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The eccentric geniuses

| JAYANT V. NARLIKAR
Published Oct 22, 2014, 11:49 am IST
Updated Mar 30, 2019, 7:42 pm IST
Picture for representational purpose.
 Picture for representational purpose.

Mathematicians are supposed to be very precise and logical in their work. That they are, but how do they feature in everyday life outside their work? Here are some illustrative anecdotes. The following story about Leonhard Euler is well known in mathematical circles. Euler spent an extended period of his life in Russia, part of it during the rule of Catherine the Great. The story goes that the French philosopher, Denis Diderot, visited the Russian court and challenged the court intellectuals to debate the existence of God. The empress called upon Euler to take up the challenge. Euler found out that Diderot was afraid of mathematics. So he wrote down a formidable but trivial equation and said, “Because of this equation, it follows that God exists. Would Diderot care to reply?” The French philosopher was rendered speechless and quietly returned to France.

David Hilbert was a doyen of mathematicians. In the golden days of Gottingen, 1920 to 1930, his presence attracted several generations of mathematicians to this university town. However, he had deep disagreements with a few other mathematicians. Pavel Aleksandrov, a Russian mathematician, has described how he manipulated a situation leading to a reconciliation between Hilbert and L.E.J. Brouwer who had fallen apart on the issue of foundations of mathematics. Aleksandrov arranged for them to be invited to an evening meal at Emmy Noether’s place. When all the invitees were seated in the drawing room, he introduced the conversational topic relating to a third mathematician, Luckenwald, whose work both Hilbert and Brouwer disagreed with. So both started expressing negative opinion about him and found that on this count they were in agreement. Thus, while disliking the third party, the two geniuses began to like each other’s opinion.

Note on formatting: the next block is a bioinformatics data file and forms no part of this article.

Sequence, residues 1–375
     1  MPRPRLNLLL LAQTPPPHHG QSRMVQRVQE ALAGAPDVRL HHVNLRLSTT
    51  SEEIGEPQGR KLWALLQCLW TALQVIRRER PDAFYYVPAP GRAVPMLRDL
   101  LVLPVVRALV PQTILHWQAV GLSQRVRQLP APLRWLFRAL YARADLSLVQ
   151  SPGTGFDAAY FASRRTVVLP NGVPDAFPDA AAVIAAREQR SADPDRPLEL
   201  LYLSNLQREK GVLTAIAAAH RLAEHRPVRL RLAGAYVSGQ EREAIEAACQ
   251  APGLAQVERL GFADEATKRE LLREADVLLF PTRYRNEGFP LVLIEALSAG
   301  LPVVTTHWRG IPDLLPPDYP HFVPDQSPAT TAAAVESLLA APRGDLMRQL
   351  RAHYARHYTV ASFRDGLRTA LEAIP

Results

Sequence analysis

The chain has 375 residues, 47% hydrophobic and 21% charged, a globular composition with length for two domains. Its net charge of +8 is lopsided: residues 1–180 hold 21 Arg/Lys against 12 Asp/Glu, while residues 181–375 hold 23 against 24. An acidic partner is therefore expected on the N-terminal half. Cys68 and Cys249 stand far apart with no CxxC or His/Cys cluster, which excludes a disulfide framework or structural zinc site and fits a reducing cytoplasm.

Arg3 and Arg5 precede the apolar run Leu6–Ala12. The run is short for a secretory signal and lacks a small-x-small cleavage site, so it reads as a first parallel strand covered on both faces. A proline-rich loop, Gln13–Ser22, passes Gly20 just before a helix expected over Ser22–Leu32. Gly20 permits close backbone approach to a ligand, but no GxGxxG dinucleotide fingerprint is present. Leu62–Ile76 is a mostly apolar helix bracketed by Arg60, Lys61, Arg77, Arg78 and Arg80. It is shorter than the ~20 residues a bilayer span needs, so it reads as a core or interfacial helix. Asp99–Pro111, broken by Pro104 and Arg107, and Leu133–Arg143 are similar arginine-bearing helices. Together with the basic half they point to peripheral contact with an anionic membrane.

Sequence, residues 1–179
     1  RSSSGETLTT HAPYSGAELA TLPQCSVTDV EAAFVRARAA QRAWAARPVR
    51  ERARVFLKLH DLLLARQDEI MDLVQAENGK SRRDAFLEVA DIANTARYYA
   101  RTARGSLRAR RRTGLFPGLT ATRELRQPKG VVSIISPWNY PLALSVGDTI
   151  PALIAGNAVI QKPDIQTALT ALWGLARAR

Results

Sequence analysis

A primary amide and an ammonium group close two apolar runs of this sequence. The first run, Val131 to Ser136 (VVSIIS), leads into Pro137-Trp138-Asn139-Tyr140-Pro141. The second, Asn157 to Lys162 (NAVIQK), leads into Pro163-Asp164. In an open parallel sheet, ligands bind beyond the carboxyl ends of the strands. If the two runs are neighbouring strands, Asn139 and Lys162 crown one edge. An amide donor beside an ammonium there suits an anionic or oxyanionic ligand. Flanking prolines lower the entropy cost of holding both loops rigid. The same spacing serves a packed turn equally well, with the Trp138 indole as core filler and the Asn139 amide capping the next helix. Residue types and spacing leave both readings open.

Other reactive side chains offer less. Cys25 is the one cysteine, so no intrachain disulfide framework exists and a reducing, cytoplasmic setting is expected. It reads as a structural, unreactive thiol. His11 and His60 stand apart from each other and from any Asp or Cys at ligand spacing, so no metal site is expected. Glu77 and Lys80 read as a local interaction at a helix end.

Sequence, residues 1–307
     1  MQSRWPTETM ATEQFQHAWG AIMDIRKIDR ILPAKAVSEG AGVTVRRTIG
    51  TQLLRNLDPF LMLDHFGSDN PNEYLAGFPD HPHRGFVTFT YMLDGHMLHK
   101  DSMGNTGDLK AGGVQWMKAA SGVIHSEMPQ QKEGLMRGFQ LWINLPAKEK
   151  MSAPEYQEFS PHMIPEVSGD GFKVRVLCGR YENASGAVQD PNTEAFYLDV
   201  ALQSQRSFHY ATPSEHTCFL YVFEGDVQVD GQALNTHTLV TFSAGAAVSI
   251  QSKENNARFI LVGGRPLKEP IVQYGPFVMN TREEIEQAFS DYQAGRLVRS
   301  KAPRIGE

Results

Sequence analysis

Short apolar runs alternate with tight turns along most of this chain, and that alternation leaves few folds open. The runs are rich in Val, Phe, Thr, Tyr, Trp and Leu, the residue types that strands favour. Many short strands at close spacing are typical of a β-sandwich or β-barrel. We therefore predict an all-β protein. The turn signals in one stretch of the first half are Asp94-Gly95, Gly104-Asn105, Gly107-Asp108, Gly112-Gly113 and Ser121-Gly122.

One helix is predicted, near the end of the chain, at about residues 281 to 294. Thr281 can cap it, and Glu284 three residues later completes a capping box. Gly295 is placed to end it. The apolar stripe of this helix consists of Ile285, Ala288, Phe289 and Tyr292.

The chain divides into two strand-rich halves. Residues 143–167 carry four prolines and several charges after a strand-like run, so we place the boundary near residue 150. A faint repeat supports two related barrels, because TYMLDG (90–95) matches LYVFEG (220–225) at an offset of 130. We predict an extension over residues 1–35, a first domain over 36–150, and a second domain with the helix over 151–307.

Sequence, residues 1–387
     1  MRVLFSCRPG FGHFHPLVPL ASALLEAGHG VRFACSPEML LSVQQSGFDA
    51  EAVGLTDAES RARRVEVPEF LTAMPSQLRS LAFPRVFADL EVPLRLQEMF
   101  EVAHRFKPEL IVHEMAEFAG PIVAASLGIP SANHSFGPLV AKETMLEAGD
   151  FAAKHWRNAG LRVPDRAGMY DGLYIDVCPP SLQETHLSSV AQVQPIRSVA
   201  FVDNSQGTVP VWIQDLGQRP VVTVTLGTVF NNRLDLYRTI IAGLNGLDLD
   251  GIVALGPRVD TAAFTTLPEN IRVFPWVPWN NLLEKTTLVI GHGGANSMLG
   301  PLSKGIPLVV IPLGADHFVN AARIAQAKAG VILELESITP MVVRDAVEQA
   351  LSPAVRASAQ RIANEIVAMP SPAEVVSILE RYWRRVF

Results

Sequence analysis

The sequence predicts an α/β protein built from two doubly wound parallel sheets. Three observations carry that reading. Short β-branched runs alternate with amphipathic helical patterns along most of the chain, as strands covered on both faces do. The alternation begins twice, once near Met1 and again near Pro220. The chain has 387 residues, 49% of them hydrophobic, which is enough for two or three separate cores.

In a day and age when women were not encouraged to pursue higher education, a few names do stand out: Sophie Germain, Sonya Kowaleskaya and Emmy Noether. In her autobiographical account, Sonya has mentioned that when she was eight years old, her family moved from their city house into the country, and there was a lot of interior work done. It turned out that the wallpaper ordered from St Petersburg was not enough and so the children’s room was dropped. Instead, for the nursery, they used wallpaper in the form of pages from a book lying in the attic. The book happened to be based on lectures on calculus by M.V. Ostragradsky which her father had acquired. Although they did not make sense, the contents of this wallpaper held a fascination for young Sonya. She grew up liking maths and later did important work in the subject. It was when Hilbert was trying to secure a position for Emmy Noether in the mathematics department of Gottingen that the anti-feminist view in the academia was revealed. Hilbert burst out: “I do not see that the sex of the candidate is an argument against her admission as a privatdozent. After all we are a university, not a bathing establishment”

Srinivasa Ramanujan had a reputation for sudden disappearances. There is a story of a lunch party in his apartment in Cambridge. Being a vegetarian he had cooked food himself. After several servings, when the ladies politely declined more, Ramanujan did not say a word, but left the apartment, hailed a taxi and went to Oxford where he remained for a week. His guests were mystified and did not realise that their declining further helpings of his food was seen by Ramanujan as an insult.

We end with this apocryphal story of Norbert Wiener, an American mathematician, who was known for his absent-mindedness. He used to drive to work at Harvard in the morning and come back home in the evening. One day there was to be a change in the routine. The Wieners had sold their house and were moving to the new residence that day. His wife had spared him all the details of the transaction and simply told him that they had sold the house and were moving to another that day, so he must remember to come back in the evening to the new address, which she gave him along with instructions on how to get there. Of course, Wiener forgot and, like on every working day, came back to the old house which he found locked. He could not figure why. Then he saw a young girl standing near the gate and asked her if she knew where the Wieners had gone. The girl replied: “Yes, daddy! I will take you there. Mummy had told me to bring you when you returned here from work.”

The writer, a renowned astrophysicist, is professor emeritus at Inter-University Centre for Astronomy and Astrophysics, Pune University Campus

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